>  aa37c51b9421d66f7931c5fdcb9ce80c450974be x86/mm: Break out user address space handling
>  8fed62000039058adfd8b663344e2f448aed1e7a x86/mm: Break out kernel address space handling
>  164477c2331be75d9bd57fb76704e676b2bcd1cd x86/mm: Clarify hardware vs. software "error_code"
>  0e664eee65337082be49fbbd2ee24aa0d111d0f2 Revert "perf/core: Make sure the ring-buffer is mapped in all page-tables"
>
> [Regression Potential]
>
> All upstream fixes, tested on the affected platform, backport changes are
> minimal.
>
> ----------------------------------------------------------------
> Dave Hansen (3):
>       x86/mm: Clarify hardware vs. software "error_code"
>       x86/mm: Break out kernel address space handling
>       x86/mm: Break out user address space handling
>
> Joerg Roedel (1):
>       Revert "perf/core: Make sure the ring-buffer is mapped in all page-tables"
>
> Waiman Long (1):
>       x86/mm/fault: Allow stack access below %rsp
>
>  arch/x86/mm/fault.c         | 205 +++++++++++++++++++++++++++-----------------
>  kernel/events/ring_buffer.c |  16 ----
>  2 files changed, 126 insertions(+), 95 deletions(-)
>
>

Acked-by: Connor Kuehl <[hidden email]>

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APPLIED: [SRU][B][PATCH 0/5] x86: mm: fix early boot problem on i386 with KPTI enabled

Kleber Souza
In reply to this post by Andrea Righi
On 04.07.19 17:17, Andrea Righi wrote:

> Buglink: https://bugs.launchpad.net/bugs/1827884
>
> [Impact]
>
> Commit d653420532d580156c8486686899ea6a9eeb7bf0 in bionic enabled kernel page
> table isolation for x86_32, but also introduced regressions. One of them
> ("BUG_ON() condition in vmalloc_sync_one()") has been addressed by bug 1830433,
> but there are other issues reported on i386.
>
> Specifically on some i386 systems the kernel seems to fail in the early stage
> of boot (black screen and frozen keyboard) with no error reported on the
> console.
>
> If the kernel is booted with "mitigations=off" and "nopti" the problem doesn't
> happen (that is a clear indication of being a kernel page table isolation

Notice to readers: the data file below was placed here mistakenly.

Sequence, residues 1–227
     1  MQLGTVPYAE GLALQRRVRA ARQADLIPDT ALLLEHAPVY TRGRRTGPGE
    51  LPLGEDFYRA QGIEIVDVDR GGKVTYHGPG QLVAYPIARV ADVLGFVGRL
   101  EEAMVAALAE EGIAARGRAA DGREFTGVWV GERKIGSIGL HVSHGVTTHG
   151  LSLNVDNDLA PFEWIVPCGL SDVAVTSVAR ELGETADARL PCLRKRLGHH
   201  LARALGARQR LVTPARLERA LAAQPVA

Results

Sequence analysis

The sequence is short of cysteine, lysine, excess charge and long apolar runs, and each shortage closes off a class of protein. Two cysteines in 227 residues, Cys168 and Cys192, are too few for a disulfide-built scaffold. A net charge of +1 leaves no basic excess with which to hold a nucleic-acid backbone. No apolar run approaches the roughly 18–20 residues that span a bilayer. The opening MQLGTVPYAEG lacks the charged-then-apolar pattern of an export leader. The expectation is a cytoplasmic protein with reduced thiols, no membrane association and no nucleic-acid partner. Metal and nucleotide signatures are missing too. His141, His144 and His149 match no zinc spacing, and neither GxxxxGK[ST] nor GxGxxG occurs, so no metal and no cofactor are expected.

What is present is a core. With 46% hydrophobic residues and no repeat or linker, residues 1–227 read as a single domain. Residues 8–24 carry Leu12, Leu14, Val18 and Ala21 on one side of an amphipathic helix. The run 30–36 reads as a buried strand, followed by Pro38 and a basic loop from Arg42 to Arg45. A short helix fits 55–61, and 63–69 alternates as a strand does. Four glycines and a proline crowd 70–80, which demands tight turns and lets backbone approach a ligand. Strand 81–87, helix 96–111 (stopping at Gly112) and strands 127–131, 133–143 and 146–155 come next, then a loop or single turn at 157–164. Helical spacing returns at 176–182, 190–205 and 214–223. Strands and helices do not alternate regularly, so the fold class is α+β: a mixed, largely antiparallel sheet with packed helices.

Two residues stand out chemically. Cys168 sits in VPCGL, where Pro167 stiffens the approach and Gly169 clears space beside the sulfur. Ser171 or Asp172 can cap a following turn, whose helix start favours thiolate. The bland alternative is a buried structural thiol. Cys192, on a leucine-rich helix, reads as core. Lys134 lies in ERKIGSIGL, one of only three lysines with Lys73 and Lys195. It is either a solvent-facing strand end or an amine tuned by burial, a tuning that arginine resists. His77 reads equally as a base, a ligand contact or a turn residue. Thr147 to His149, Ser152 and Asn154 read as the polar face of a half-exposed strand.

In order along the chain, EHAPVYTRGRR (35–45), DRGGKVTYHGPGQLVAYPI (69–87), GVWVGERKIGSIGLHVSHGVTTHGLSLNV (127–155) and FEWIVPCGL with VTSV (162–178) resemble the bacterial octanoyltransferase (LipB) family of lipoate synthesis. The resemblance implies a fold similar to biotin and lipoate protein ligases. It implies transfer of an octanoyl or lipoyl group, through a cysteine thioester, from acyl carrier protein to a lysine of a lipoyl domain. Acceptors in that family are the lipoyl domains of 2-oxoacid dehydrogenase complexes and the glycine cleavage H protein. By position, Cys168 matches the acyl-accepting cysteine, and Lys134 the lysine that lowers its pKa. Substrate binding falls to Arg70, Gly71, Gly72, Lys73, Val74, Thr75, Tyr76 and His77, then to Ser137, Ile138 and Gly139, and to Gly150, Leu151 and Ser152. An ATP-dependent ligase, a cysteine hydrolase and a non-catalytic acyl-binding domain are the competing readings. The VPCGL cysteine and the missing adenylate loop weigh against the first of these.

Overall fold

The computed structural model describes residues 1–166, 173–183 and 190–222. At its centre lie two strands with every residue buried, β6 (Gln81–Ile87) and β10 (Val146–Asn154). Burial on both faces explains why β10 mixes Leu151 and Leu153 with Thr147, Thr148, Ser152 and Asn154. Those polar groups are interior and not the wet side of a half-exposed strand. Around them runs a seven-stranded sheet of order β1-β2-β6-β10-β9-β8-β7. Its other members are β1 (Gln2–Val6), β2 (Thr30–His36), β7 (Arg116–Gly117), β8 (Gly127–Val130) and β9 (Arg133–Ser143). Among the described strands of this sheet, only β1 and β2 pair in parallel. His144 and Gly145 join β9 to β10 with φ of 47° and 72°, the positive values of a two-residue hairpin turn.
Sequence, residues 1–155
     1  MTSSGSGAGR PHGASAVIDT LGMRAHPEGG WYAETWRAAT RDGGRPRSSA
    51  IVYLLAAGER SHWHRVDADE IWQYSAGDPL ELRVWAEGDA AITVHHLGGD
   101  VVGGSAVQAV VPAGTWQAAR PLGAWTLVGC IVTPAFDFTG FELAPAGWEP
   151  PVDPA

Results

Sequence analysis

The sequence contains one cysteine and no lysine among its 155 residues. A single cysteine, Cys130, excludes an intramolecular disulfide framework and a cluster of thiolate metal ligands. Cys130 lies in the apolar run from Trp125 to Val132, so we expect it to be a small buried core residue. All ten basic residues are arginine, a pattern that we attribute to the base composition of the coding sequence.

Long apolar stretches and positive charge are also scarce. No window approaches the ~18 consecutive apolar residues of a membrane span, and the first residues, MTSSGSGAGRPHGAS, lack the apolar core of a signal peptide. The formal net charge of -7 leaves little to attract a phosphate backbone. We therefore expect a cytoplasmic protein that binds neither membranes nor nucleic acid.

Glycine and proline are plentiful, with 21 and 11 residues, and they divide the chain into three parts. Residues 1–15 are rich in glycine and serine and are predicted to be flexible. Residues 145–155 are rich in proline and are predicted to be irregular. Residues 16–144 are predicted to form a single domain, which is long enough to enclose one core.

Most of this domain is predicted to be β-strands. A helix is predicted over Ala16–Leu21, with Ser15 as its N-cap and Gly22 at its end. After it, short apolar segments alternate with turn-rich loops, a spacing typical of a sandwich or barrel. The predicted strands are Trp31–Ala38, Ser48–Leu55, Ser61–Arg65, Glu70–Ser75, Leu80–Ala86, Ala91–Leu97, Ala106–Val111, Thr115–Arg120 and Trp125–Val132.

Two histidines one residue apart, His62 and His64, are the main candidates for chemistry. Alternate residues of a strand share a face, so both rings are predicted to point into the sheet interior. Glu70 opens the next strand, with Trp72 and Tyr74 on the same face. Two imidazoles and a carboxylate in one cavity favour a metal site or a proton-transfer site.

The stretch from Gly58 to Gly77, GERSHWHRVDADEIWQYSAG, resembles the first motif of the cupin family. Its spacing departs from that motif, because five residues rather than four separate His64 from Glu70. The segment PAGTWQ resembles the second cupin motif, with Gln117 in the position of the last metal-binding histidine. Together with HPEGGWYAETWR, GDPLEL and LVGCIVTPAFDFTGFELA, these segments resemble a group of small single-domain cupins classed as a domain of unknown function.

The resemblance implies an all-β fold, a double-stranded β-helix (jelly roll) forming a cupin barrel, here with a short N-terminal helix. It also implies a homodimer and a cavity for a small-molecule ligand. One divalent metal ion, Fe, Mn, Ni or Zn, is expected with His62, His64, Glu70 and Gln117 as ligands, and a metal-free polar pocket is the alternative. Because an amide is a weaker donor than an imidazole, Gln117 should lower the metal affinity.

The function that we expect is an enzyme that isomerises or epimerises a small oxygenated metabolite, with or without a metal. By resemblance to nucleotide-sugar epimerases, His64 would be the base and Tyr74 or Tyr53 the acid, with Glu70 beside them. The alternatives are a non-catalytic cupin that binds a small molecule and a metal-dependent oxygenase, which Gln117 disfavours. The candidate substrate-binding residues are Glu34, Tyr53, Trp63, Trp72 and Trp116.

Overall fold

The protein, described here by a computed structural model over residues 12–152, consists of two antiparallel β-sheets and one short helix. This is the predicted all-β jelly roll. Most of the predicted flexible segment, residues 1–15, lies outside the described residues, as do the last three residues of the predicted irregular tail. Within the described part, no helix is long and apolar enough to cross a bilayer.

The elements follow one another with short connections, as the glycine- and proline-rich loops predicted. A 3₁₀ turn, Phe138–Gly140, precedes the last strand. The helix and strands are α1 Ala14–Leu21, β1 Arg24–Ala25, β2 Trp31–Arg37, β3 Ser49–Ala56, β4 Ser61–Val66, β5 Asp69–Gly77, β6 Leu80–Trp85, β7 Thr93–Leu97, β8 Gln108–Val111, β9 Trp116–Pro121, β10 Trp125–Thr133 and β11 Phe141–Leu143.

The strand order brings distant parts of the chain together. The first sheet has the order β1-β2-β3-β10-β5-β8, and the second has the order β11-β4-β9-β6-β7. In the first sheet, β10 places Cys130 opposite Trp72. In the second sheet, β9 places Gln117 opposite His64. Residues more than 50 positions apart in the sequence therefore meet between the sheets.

> issue).
>
> However, users have been reported positive results with the following upstream
> fixes applied (all clean cherry picks), even with mitigations *and* kernel page
> table isolation enabled.
>
> [Test Case]
>
> Unfortuantely this problem is not easily reproducible, the kernel simply fails
> to boot (black screen and frozen keyboard) after the GRUB prompt, so we don't
> have a real test case (except asking the bug reporters to boot the kernel and
> see if it works).
>
> [Fix]
>
> The following upstream fix seems to resolve (prevent) the problem:
>
>  1d8ca3be86ebc6a38dad8236f45c7a9c61681e78 x86/mm/fault: Allow stack access below %rsp
>  aa37c51b9421d66f7931c5fdcb9ce80c450974be x86/mm: Break out user address space handling
>  8fed62000039058adfd8b663344e2f448aed1e7a x86/mm: Break out kernel address space handling
>  164477c2331be75d9bd57fb76704e676b2bcd1cd x86/mm: Clarify hardware vs. software "error_code"
>  0e664eee65337082be49fbbd2ee24aa0d111d0f2 Revert "perf/core: Make sure the ring-buffer is mapped in all page-tables"
>
> [Regression Potential]
>
> All upstream fixes, tested on the affected platform, backport changes are
> minimal.
>
> ----------------------------------------------------------------
> Dave Hansen (3):
>       x86/mm: Clarify hardware vs. software "error_code"
>       x86/mm: Break out kernel address space handling
>       x86/mm: Break out user address space handling
>
> Joerg Roedel (1):
>       Revert "perf/core: Make sure the ring-buffer is mapped in all page-tables"
>
> Waiman Long (1):
>       x86/mm/fault: Allow stack access below %rsp
>
>  arch/x86/mm/fault.c         | 205 +++++++++++++++++++++++++++-----------------
>  kernel/events/ring_buffer.c |  16 ----
>  2 files changed, 126 insertions(+), 95 deletions(-)
>
>

Applied to bionic/master-next branch.

Thanks,
Kleber